- What is Numpy? • Numpy, Scipy, and Matplotlib provide MATLAB- like functionality in python. • Numpy Features: Typed multidimentional arrays (matrices) Fast numerical computations (matrix math) High-level math functions 3 |@Apptrainers
- Why do we need NumPy Let’s see for ourselves! 4 |@Apptrainers
- Why do we need NumPy • Python does numerical computations slowly. • 1000 x 1000 matrix multiply Python triple loop takes > 10 min. Numpy takes ~0.03 seconds 5 |@Apptrainers
- NumPy Overview 1. Arrays 2. Shaping and transposition 3. Mathematical Operations 4. Indexing and slicing 5. Broadcasting 6 |@Apptrainers
- Arrays Structured lists of numbers. • Vectors • Matrices • Images • Tensors • ConvNets 7 |@Apptrainers
- Arrays Structured lists of numbers. • Vectors • Matrices • Images • Tensors • ConvNets 𝑝 𝑥 𝑝 𝑦 𝑝 𝑧 𝑎11 ⋯ 𝑎1𝑛 ⋮ ⋱ ⋮ 𝑎 𝑚1 ⋯ 𝑎 𝑚𝑛 8 |@Apptrainers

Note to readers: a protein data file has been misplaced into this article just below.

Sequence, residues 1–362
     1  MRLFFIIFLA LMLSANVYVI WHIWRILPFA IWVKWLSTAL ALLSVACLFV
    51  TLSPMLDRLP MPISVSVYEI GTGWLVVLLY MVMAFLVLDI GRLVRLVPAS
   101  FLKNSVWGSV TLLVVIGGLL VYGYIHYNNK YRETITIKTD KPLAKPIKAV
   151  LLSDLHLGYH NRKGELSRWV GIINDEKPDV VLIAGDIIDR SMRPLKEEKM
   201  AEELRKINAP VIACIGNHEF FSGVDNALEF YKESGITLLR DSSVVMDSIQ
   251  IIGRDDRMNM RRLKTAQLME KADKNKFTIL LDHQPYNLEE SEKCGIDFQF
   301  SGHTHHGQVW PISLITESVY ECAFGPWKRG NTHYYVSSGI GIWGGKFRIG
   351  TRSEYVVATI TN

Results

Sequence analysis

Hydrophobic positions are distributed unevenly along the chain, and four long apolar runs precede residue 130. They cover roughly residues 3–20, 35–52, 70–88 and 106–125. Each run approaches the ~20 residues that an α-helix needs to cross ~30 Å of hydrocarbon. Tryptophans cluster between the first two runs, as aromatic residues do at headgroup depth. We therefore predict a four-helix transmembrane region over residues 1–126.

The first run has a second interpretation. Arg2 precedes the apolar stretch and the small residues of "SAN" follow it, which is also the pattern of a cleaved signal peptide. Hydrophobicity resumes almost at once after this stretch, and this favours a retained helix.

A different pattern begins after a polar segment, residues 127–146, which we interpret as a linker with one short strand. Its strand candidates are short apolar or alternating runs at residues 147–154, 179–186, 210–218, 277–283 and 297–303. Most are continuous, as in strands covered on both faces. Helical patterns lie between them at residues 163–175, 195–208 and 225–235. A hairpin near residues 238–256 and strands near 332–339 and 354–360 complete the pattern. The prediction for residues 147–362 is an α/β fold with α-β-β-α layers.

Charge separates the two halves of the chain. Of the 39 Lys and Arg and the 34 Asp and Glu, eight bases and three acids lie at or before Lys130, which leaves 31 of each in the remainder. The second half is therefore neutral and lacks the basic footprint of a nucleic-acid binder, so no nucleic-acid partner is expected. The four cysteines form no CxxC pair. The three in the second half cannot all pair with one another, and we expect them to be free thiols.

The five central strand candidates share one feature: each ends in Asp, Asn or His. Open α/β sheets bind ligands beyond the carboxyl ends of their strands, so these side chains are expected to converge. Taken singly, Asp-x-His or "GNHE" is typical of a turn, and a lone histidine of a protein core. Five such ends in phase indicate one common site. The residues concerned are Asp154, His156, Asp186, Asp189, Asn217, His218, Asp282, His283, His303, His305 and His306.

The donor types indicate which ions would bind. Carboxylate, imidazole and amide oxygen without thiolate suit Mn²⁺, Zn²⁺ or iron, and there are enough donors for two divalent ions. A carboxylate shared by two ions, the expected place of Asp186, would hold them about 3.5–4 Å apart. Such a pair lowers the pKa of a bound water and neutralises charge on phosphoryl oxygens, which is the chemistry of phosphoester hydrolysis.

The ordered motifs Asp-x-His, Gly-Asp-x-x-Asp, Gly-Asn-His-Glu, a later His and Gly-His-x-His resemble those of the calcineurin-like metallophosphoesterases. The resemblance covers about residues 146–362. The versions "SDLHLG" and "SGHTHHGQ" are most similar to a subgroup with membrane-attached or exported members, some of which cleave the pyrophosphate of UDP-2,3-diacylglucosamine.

- Arrays Structured lists of numbers. • Vectors • Matrices • Images • Tensors • ConvNets 9 |@Apptrainers
- Arrays Structured lists of numbers. • Vectors • Matrices • Images • Tensors • ConvNets 10 |@Apptrainers
- Arrays Structured lists of numbers. • Vectors • Matrices • Images • Tensors • ConvNets 11 |@Apptrainers
- Arrays, Basic Properties import numpy as np a = np.array([[1,2,3],[4,5,6]],dtype=np.float32) print a.ndim, a.shape, a.dtype 1. Arrays can have any number of dimensions, including zero (a scalar). 2. Arrays are typed: np.uint8, np.int64, np.float32, np.float64 3. Arrays are dense. Each element of the array exists and has the same type. 12 |@Apptrainers